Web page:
1. Introduction

In this topic, we’ll explain how to rotate a two-dimensional array. We’ll observe both right and left rotations.

2. Preliminary Notes

A two-dimensional array is basically a two-dimensional matrix. So, without losing any generality, we can assume our two-dimensional array is a two-dimensional matrix of elements. Let’s observe the following matrix, where each distinct element is colored differently:


It’s a 3 \times 4 matrix. Below are the right and left rotations of the matrix by 90^{\circ}:

90 rotation

And below is the right rotation of the matrix by 180^{\circ}:

180 rotation

Note that the left rotation by 180^{\circ} is basically the same as the right rotation by 180^{\circ}.

Additionally, it’s straightforward to note that the right rotation by \boldsymbol{270^{\circ}} is the same as three right rotations by \boldsymbol{90^{\circ}} or one left rotation by \boldsymbol{90^{\circ}}. And any 360^{\circ} rotation is basically no rotation. Thus, to cover all the 90-angled rotation configurations, it suffices to only observe the cases of the left and right rotations by 90^{\circ} and the rotation by 180^{\circ}.

If we put aside the optimal number of steps to perform a rotation, then the right rotation by 90^{\circ} is enough to reproduce all the 90-angled rotation configurations. However, that may not be optimal in the number of steps performed.

3. Custom Case: Square Matrix

First, let’s develop the rotation algorithm for a custom case when the matrix is square. To make the algorithm obvious, let’s divide our square matrix into quadrants as depicted below:

Square Matrix

Now, the left and right rotations by 90^{\circ} take the form:

90 sq rotation

As we can see, we can enumerate elements in a quadrant and replace them with elements in the neighboring quadrants. The picture below illustrates the idea more precisely:

Index Rotation

In the picture above, n is the size of the matrix side. As we can see, during the right rotation by 90^{\circ}, the element with the position [i][j] rotates to the position [j][n - i - 1], the element [j][n - i - 1] rotates to the position [n - i - 1][n - j - 1], the element [n - i - 1][n - j - 1] rotates to the position [n - j - 1][i], and finally, the element [n - j - 1][i] rotates to the position [i][j]. Shortly, there’s a four-step circular exchange happening between the appropriate elements in the matrix. Note that our indexing is zero-based.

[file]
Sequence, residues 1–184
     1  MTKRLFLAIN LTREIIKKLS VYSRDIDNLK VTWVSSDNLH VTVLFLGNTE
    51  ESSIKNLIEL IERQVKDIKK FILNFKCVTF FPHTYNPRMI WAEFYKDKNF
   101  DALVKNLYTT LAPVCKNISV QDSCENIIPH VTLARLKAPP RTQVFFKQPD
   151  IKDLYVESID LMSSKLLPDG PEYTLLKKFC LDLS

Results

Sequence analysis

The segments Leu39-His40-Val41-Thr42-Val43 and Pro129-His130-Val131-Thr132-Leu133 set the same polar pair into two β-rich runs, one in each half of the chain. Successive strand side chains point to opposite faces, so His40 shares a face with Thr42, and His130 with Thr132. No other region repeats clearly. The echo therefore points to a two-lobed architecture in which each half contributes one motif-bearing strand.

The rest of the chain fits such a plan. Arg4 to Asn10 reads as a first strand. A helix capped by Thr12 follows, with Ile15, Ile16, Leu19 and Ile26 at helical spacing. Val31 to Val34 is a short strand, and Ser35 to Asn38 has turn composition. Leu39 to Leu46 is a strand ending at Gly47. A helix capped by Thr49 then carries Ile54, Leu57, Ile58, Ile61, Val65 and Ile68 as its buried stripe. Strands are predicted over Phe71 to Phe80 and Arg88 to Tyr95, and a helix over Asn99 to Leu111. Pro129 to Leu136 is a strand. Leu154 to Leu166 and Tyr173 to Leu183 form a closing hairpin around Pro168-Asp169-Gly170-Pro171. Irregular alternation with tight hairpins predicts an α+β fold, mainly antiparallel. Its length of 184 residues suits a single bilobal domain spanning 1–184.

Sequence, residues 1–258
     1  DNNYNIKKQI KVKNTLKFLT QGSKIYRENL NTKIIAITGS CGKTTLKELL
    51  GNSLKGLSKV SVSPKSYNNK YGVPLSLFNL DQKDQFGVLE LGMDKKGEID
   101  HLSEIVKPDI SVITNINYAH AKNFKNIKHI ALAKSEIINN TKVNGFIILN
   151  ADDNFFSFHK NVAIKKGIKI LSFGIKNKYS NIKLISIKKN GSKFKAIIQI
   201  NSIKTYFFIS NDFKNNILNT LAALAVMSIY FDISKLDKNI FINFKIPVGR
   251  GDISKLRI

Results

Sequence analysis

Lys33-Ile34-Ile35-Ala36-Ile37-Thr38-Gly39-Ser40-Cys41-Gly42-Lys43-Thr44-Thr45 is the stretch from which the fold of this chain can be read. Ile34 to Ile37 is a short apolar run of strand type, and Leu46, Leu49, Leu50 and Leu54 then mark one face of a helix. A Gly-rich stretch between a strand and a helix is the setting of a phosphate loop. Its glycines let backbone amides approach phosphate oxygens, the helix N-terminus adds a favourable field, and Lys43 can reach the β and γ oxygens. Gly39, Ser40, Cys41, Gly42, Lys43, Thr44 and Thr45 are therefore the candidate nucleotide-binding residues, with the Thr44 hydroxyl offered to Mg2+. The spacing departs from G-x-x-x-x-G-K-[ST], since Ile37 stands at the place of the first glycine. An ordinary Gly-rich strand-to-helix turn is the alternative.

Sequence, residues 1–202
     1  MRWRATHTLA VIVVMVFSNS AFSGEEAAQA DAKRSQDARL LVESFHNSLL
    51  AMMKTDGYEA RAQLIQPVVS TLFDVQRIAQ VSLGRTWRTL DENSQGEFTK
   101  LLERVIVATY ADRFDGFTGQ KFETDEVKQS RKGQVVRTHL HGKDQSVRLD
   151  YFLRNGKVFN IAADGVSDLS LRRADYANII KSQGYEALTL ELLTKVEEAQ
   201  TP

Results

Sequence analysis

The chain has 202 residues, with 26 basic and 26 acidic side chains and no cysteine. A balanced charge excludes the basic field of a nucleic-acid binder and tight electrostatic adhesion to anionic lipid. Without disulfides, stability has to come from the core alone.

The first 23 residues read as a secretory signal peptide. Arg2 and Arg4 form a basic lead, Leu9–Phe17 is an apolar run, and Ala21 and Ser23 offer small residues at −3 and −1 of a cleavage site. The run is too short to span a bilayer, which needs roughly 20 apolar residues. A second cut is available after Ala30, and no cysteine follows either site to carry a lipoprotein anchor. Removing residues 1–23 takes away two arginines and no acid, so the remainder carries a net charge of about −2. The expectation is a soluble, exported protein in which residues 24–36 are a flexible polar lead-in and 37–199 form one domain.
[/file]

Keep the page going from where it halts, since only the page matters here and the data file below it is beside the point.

3.1. \boldsymbol{90^{\circ}} Right Rotation Algorithm

Here’s the pseudocode of the right rotation algorithm:

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3.2. \boldsymbol{90^{\circ}} Left Rotation Algorithm

The pseudocode of the left rotation is very similar to the right rotation, except the order of exchange is the opposite:

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4. Common Case: Rectangular Matrix

The rotation algorithms described above only work for square matrices. For matrices that aren’t square, i.e., for rectangular matrices, we need to develop separate algorithms. First, let’s recall what the transpose matrix T of the original matrix M is. T is a matrix where i-th column is the i-th row in M.

In the example below, a 3 \times 4 matrix is transformed into a 4 \times 3 transpose matrix:


We can see that transposing partially performed the \boldsymbol{90^{\circ}} right rotation task: the rows are rotated, but the column order isn’t what we need. Thus, we additionally swap the symmetric columns: for a matrix with m columns, we swap columns 0 and m - 1, then 1 and m - 2, and so on. Shortly, the right rotation by \boldsymbol{90^{\circ}} can be achieved by transposing followed by the symmetric column swap operation.

4.1. \boldsymbol{90^{\circ}} Right Rotation Algorithm

First, let’s provide the pseudocode for transposing matrices:

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Now, the pseudocode of the 90^{\circ} right rotation for rectangular matrices takes the form:

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4.2. \boldsymbol{90^{\circ}} Left Rotation Algorithm

Similarly to the right rotation, \boldsymbol{90^{\circ}} left rotation is performed by transposing followed by the symmetric row swap operation. The pseudocode is below:

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The algorithms of left and right rotations for rectangular matrices can be used for square matrices as well. They’ll produce correct results, though they aren’t as optimal in the number of steps as the custom algorithms for square matrices. Anyway, asymptotically, they’re the same.

4.3. \boldsymbol{180^{\circ}} Rotation Algorithm

Finally, let’s provide the pseudocode for the 180^{\circ} rotation algorithm. The algorithm is actually optimal for any matrix so that it can be readily used for square matrices as well:

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5. Complexity Analysis

All the algorithms described in this topic have \boldsymbol{O(n * m)} complexity, where \boldsymbol{n} is the number of rows and \boldsymbol{m} is the number of columns in a matrix. In the case of square matrices, the complexity simply becomes \boldsymbol{O(n^2)}.

6. Conclusion

In this topic, we’ve gone through algorithms for rotating two-dimensional matrices. First, we’ve developed optimal algorithms for square matrices, and then we’ve provided rotation algorithms for common rectangular matrices. As we’ve noted, the \boldsymbol{90^{\circ}} rotation algorithms for rectangular matrices can be used for square ones as well, though the custom algorithms are better in the number of steps. The \boldsymbol{180^{\circ}} rotation algorithm is optimal for any matrix.

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